By Rev. Jeff Miller, District Superintendent
I often feel the tension. Both concepts are biblical. Some days they seem to work well together like perfectly matched gears in the forward movement of the Kingdom. Other times they feel like a tug of war between two concepts that are each wrestling for supremacy. What are these two concepts that seem at times to strain against each other? It is the push and pull of faithfulness versus fruitfulness.
Which is more important? What are the dangers in each? Is there a balance and, if so, how can I find my way to that fulcrum? I think all of us who long to serve the Lord well have felt the anxious pull and strain of these two important concepts. And I suspect we have all seen those who fall out of balance.
Some lean strongly into the end zone of fruitfulness. We need to score. We must have goals and objectives. There are good biblical mandates for this:
· The Great Commission
· The urgency of Matthew 24:14
· Jesus is not willing that any should perish
· Unfruitful branches are pruned and burned
· A fig tree is cursed for lack of fruit
· Paul would have given up his own salvation to just see more come to faith in the Savior
· The future separation of the sheep and the goats
· Our works will be found to be gold and silver or wood, hay and stubble to be burned off
And on it goes. Those, like me, who are achievement-oriented will easily slide toward this end of the spectrum. We need to see results. We have the next mountain to climb – at any and all cost. Our intent is noble but sometimes, we must admit, it is not clear exactly whose objectives we are pursuing with zeal and passion.
Others tend toward the other end of the continuum: faithfulness. Of course, our calling is first to obedience, not objectives. We will one day be commended as good and faithful servants, not good and effective servants. I can remember a previous Alliance president observing that if Noah had been a C&MA licensed worker we would have taken away his credentials. All those years of ministry, preaching and incarnational living and not a single convert to show for it. Even his family was a bit suspect. Yet there he is in the Hall of Faith because of his faithfulness in a God-ordained building project. Just as I have seen abuse on the fruitful side of the equation, I have seen imbalance on the faithfulness side as well. We have all come across some who coast in their faith – some who are mediocre, ineffective, failing for a variety of reasons. They all too easily can hide behind the mantra that just being faithful is enough.
I have wrestled with this a lot in recent months. I have come to a couple of conclusions. My first conclusion is that Abba is about both faithfulness and fruitfulness. He expects them both from us. Both are biblical and right. However, very often He defines fruitfulness different than I do. His expectations and timelines are often quite different than my own. When that happens, guess who has misjudged the expected goals and outcomes? I am not saying that the Lord has lesser expectations than I do. In fact, they often are enormous, amazing, supernatural goals. Yet they are often as different from my hopes and anticipations as my English is different from German, Chinese or Swahili… as different as my foresight is from His eternal perspective.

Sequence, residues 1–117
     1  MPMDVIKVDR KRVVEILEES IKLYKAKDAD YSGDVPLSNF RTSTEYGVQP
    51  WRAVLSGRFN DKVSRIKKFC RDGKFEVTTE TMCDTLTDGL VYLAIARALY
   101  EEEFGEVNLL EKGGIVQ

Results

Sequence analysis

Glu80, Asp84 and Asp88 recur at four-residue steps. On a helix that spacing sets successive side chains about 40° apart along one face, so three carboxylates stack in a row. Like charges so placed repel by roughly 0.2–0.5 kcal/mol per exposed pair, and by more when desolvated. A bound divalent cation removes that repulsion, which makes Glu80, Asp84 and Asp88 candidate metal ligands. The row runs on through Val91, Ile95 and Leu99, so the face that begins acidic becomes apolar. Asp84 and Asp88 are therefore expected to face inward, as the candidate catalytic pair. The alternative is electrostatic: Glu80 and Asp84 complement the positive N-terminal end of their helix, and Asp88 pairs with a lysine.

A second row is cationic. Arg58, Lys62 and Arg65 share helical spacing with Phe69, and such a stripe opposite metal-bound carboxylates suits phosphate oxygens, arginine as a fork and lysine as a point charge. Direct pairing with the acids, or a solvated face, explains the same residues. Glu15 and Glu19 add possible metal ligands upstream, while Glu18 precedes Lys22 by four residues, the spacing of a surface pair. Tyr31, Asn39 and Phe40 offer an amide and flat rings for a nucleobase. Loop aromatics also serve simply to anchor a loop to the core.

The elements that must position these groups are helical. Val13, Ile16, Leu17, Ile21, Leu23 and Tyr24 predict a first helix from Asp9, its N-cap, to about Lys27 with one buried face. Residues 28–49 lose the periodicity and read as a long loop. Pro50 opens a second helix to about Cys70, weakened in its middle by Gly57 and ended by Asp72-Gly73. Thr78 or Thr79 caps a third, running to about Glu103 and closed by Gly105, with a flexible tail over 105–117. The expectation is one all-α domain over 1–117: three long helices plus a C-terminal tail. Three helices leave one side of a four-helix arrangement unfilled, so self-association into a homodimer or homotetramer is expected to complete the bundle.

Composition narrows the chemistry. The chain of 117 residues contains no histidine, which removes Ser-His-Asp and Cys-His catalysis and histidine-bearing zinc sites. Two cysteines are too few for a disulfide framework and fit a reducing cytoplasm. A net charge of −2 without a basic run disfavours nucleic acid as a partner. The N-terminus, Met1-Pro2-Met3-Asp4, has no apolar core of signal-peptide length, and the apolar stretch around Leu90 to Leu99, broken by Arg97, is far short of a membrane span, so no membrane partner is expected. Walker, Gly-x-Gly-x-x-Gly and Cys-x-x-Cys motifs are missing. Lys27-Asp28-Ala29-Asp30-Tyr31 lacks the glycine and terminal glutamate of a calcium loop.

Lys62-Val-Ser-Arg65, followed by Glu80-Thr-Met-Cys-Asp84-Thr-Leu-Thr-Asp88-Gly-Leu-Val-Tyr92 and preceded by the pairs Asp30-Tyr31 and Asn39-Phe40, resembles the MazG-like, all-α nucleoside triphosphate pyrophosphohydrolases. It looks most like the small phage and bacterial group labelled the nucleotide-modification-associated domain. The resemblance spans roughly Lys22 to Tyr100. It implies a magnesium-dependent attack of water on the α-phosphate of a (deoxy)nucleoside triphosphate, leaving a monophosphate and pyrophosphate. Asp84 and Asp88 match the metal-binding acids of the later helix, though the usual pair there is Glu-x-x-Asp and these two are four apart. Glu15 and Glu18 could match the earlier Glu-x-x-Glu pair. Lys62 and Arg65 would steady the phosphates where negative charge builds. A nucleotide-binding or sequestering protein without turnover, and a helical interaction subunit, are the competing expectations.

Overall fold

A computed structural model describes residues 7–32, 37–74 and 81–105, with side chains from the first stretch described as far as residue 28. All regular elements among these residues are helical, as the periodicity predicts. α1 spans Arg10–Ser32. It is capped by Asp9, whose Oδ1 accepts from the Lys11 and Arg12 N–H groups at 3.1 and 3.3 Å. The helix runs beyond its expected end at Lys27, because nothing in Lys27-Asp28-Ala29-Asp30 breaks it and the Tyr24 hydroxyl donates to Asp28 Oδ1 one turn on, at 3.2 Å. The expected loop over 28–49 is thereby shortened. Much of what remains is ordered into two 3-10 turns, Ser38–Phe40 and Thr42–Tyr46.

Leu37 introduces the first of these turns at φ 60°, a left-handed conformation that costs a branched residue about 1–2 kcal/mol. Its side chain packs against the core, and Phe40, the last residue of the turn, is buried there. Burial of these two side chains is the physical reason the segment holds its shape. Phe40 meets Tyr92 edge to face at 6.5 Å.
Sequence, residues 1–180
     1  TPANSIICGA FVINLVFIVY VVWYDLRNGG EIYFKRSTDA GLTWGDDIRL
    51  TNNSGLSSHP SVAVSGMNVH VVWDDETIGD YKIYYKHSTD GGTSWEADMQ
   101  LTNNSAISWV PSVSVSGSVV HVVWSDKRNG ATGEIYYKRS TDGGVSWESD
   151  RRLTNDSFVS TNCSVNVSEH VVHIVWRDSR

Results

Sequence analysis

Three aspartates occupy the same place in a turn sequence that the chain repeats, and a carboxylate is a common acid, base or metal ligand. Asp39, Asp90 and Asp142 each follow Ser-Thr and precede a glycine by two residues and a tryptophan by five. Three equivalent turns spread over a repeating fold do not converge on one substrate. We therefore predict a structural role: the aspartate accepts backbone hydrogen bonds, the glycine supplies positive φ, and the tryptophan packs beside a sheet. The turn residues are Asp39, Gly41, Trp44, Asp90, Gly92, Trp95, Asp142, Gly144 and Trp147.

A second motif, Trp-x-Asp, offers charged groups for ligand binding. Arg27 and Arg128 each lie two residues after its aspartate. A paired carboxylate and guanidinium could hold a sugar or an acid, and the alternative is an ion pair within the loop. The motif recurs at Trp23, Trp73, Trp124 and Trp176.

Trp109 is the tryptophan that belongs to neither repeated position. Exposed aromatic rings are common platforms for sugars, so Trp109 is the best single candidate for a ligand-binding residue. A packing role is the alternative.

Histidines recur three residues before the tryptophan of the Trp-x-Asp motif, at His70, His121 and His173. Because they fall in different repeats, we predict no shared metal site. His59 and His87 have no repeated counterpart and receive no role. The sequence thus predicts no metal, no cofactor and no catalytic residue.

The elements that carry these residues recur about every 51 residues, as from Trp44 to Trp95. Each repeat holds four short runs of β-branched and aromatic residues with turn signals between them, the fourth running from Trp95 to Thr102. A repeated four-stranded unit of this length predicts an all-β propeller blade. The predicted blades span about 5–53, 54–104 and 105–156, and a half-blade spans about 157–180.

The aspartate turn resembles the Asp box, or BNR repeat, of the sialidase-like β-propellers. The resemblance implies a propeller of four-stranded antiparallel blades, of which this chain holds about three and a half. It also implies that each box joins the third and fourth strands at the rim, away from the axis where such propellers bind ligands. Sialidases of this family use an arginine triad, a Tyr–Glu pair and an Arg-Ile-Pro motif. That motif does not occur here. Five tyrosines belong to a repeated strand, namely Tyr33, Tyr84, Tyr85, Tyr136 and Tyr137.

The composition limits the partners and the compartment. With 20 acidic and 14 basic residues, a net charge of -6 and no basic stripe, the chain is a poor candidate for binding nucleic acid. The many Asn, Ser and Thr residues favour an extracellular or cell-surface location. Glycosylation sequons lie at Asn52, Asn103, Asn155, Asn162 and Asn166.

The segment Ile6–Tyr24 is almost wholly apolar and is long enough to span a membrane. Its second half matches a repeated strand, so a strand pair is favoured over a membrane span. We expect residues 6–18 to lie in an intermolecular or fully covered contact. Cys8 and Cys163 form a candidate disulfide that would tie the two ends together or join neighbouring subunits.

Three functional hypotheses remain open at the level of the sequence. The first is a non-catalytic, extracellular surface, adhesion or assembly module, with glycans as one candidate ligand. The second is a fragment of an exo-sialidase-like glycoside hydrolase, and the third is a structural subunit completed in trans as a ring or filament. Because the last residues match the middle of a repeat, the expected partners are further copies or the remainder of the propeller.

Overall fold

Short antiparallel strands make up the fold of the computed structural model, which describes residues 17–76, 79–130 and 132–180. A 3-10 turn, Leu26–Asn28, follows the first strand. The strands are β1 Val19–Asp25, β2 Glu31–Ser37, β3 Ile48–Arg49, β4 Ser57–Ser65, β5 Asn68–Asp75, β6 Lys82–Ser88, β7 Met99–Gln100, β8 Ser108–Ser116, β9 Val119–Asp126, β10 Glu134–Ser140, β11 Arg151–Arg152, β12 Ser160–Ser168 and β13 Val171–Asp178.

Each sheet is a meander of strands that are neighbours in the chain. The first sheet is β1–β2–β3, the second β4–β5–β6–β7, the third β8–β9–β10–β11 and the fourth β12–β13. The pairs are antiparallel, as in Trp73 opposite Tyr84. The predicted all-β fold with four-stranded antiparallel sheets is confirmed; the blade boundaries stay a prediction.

I need to begin to see fruitfulness through His perspective. How is that done? That leads me to my second conclusion. It is amazingly simple and astoundingly obvious. Therefore, it somewhat irks me that I haven’t clearly seen it until a speaker at a recent retreat laid it out there. Jesus, in one simple sentence, merges faithfulness and fruitfulness into a perfectly clear equation for ministry posture.
The sentence is found in John 15:5. The Lord says it this way, “I am the vine and you are the branches; he who abides in Me and I in him, he bears much fruit; for apart from Me you can do nothing.” It is really quite simple (and quite challenging). Faithfulness is defined as deeply abiding in Christ. If/when I am fully abiding in Him, He guarantees that I will bear much fruit. Fruit as He defines it, not necessarily as I expect it. However, when I fully abide in Him I will see fruitfulness the way He does. What do I need to work at? Abiding in Him. If I’m not seeing fruit, the first thing to analyze when I open up the hood is not diligence (faithfulness) nor effectiveness (fruitfulness) but ‘abiding’.
“If you abide in Me, and My words abide in you, ask whatever you wish and it shall be done for you. By this is My Father glorified, that you bear much fruit, and so prove to be My disciples.” John 15:7-8